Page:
The gonadotrophins crucial in menstruation are follicle stimulating hormone (FSH) and luteinising hormone (LH). They help with the release of an egg ready for potential fertilisation, and the stimulation of oestrogen and progesterone (more hormones). Oestrogen is involved in the development of the endometrium, while progesterone is crucial in maintaining it (8).
This complex pattern of hormones is finely regulated and inter-connected. It therefore follows that if the pattern of hormone release from the hypothalamus or pituitary changes, our periods may change, too.
Primary amenorrhoea causes
Doctors may want to investigate the possibility of primary amenorrhoea in two groups of patients. Firstly, if a girl hasn’t had a period by the age of 15, but has other signs of puberty such as breasts or pubic hair, primary amenorrhoea may be suspected. Additionally, doctors may want to investigate if a 13 year old girl hasn’t started her periods and has none of the expected hallmarks of puberty.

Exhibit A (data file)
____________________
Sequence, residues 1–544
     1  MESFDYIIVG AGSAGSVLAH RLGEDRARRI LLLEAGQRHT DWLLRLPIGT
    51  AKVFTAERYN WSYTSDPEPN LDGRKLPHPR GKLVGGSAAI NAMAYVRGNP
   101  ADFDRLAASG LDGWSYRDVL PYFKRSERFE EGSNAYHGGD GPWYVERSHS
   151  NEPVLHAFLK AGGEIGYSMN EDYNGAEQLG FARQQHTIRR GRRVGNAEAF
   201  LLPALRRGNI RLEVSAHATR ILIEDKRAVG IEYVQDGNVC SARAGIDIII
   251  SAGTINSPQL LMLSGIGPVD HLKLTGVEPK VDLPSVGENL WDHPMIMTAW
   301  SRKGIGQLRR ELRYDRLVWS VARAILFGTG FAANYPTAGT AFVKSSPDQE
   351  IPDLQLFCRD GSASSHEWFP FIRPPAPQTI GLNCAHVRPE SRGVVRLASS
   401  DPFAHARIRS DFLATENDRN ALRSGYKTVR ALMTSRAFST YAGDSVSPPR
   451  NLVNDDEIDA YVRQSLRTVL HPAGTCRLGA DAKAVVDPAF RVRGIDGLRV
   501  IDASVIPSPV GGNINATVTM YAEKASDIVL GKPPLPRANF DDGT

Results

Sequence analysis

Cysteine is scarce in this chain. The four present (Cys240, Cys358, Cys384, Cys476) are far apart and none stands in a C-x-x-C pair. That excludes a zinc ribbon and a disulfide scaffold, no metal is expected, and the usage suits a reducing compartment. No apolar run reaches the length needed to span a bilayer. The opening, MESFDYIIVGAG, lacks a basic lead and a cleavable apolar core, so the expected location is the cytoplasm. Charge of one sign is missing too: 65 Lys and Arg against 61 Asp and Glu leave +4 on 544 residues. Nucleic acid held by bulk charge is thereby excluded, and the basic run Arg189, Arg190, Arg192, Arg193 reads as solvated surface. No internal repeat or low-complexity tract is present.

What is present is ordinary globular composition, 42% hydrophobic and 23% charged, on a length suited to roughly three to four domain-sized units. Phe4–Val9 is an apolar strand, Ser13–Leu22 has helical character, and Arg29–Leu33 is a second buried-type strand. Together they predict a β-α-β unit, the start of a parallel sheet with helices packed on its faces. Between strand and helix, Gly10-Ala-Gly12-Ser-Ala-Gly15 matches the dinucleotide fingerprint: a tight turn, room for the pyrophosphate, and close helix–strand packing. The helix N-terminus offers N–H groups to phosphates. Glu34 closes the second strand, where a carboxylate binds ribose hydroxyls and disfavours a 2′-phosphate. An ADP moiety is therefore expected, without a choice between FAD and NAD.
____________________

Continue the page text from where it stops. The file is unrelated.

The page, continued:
There are a number of causes of primary amenorrhoea, but they can usually be classified as either genetic or anatomic. Anatomical causes might be because someone is born without a uterus or vagina, or they may have defects in either that impair menstruation.
Genetic causes for primary amenorrhoea are also a possibility, and so doctors investigating primary amenorrhoea may order some genetic tests. Rare but possible causes of primary amenorrhoea may include problems with the hypothalamus (that releases GnRH), Turner syndrome (a rare chromosomal disorder), or androgen-insensitivity syndrome (another rare chromosomal disorder). It’s likely that these would be picked up early in life, even before the expected onset of periods.